Wu Bangguo

Wu Bangguo: Shanghai connection has helped his rise

PUBLISHED : Saturday, 16 November, 2002, 12:00am
UPDATED : Saturday, 16 November, 2002, 12:00am


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Wu Bangguo can thank his 30-year relationship with Shanghai for making him one of China's nine most powerful politicians.

He was named yesterday to the nine-member Standing Committee of the Communist Party's Politburo, which will govern for the next five years. Mr Wu, 62, has put in three decades of patient but otherwise unremarkable work in Shanghai, followed by a promotion to Beijing as vice-premier in 1995. In his most recent post, he has handled the most difficult portfolio in government - industry and the state sector.

He oversaw the biggest labour down-sizing in history. Since 1990, the number of state factories has fallen by more than half, from 100,000 to 42,900 at the end of July - with a loss of 25 million jobs.

Mr Wu has had the unenviable task of balancing economic arguments for closing antiquated factories against urgent pleas from city mayors desperate to keep bloated state-owned enterprises open in the name of social stability and political peace.

It has been his role to find a compromise between the two objectives - rationalising the economic structure while preventing the streets from exploding in anger and the kind of labour unrest that helped topple communism in eastern Europe.

According to official accounts, about 17 million of China's laid-off workers have found new jobs and large-scale social unrest appears to have been avoided. However, since the state media rarely reports such unrest, it is hard to judge just how stable the situation really is.

In any event, Mr Wu has received the credit for overseeing this transition and transforming the state sector.

The other, more important, bargaining chip he holds in the struggle for high office is a long association with Shanghai.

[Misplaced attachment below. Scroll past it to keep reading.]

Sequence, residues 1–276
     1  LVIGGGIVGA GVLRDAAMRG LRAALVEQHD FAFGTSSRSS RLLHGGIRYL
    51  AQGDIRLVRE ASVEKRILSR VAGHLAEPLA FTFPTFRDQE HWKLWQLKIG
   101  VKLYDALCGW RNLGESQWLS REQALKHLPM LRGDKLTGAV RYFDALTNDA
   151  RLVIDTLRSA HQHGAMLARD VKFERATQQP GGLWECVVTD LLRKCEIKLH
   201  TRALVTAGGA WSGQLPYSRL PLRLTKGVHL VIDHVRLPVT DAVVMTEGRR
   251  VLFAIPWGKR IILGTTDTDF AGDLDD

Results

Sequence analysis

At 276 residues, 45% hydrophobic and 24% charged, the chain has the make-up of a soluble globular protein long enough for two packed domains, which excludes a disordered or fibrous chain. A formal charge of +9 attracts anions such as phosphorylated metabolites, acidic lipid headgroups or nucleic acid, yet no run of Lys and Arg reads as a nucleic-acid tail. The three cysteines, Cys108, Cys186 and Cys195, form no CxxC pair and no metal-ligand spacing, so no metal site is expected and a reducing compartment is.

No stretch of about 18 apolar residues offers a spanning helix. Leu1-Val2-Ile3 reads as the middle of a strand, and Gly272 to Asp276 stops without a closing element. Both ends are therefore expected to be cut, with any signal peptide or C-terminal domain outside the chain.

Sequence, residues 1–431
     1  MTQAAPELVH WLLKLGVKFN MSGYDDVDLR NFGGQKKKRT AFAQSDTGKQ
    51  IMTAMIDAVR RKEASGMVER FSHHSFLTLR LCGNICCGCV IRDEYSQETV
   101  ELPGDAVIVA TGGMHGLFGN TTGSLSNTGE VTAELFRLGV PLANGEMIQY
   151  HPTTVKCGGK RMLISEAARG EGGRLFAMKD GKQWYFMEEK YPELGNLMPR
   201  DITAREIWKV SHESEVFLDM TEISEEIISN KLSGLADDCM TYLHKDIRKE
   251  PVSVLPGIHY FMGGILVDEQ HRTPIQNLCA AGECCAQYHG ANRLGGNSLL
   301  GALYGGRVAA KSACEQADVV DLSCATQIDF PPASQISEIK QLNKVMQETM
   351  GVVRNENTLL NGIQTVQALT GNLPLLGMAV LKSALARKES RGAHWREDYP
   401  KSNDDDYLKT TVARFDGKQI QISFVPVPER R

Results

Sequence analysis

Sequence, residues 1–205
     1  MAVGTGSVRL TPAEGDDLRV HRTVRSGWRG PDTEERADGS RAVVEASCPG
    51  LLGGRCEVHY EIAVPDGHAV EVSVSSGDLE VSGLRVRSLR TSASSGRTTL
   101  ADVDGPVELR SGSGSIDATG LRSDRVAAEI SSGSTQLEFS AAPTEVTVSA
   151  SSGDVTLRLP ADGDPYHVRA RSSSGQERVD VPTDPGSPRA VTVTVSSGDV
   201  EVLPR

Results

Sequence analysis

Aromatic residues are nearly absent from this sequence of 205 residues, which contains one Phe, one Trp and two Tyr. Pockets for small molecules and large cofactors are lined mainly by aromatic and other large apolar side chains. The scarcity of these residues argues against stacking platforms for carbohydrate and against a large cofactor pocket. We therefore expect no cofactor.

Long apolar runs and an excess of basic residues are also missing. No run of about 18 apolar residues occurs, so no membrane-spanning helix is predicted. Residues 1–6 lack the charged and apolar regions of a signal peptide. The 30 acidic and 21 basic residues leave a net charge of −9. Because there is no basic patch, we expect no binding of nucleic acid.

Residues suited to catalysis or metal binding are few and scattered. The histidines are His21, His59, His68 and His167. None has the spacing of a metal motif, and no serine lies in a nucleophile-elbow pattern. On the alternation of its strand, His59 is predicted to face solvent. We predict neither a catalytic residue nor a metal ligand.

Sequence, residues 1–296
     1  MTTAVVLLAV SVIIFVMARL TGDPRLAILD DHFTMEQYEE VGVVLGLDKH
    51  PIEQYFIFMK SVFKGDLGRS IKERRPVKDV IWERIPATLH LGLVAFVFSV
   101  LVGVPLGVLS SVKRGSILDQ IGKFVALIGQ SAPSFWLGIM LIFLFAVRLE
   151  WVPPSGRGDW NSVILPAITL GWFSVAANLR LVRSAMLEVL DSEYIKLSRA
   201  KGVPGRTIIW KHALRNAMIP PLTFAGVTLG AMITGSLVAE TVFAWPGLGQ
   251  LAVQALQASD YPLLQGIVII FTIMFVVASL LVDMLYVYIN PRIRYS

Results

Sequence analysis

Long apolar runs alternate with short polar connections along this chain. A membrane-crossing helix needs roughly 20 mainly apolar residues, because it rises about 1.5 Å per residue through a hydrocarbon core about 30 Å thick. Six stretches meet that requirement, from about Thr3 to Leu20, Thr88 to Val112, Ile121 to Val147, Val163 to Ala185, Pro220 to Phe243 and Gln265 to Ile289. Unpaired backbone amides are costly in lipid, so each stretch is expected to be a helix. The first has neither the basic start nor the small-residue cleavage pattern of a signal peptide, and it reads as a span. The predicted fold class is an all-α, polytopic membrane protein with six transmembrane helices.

Mr Wu, a native of Feidong in Anhui province, was assigned to Shanghai Number 3 Electronic Tube Factory after graduating in 1967 from the department of radio and electronics at Tsinghua University, which has produced many of China's leaders. He worked as an engineer, and later factory chief, until 1980.

Official accounts describe Mr Wu as a diligent and cautious man, who kept a low profile through the tumultuous political debates and 'criticism sessions' which swept Shanghai during the Cultural Revolution.

In the 1980s, his career took off. In 1982, he became deputy secretary of the party committee of the city's telecommunications industrial bureau and in 1983 deputy secretary of the party committee.

He worked closely with President Jiang Zemin and Premier Zhu Rongji, who both served as Shanghai's mayor and party chief, giving him connections that have helped carry him to his present stature.

In 1991, he became party chief of the city - one of the youngest city leaders - succeeding Mr Zhu, who moved to Beijing as vice-premier.

Mr Wu was named to the Politburo in 1992, and in March 1995 moved to Beijing to serve as a vice-premier.

Stories circulated in Shanghai at that time that Mr Wu did not want to leave the booming city, which was enjoying a host of privileges from the central government, to enter the state sector. He is said to have pleaded with his superiors in Beijing to leave him where he was.

It seems he was told that he was the choice for the job and that the first responsibility of a party member was to obey orders.

A Western diplomat says: 'Within the Politburo, he arouses less resentment than other Jiang supporters. He has kept his head down and stayed out of trouble. He has avoided a strong personal stand that can end a political career in China.'

An engineer, Mr Wu also has gained from his knowledge of industry - including telecommunications, high technology and energy - priority sectors for the economy in the past 10 years.

While he has never lived or studied abroad, Mr Wu has travelled widely as a vice-premier and also has received many visiting business executives in Beijing.

1941: Born in Feidong, Anhui province

1967: Graduated from the faculty of radio and electronics at the prestigious Tsinghua University in Beijing, and was assigned to a position at the Shanghai Number Three Electronic Tube Factory

1980-81: Appointed deputy manager at the Shanghai Electronic Device Industrial Company

1982-83: Became the deputy party chief of the Shanghai city Telecommunications Industrial Bureau

1983-85: Took the position as deputy Communist Party chief of Shanghai

1991: Shanghai party chief

1992: Joined the Politburo

1995: Moved to Beijing as vice-premier with responsibility for industry and operation of the state sector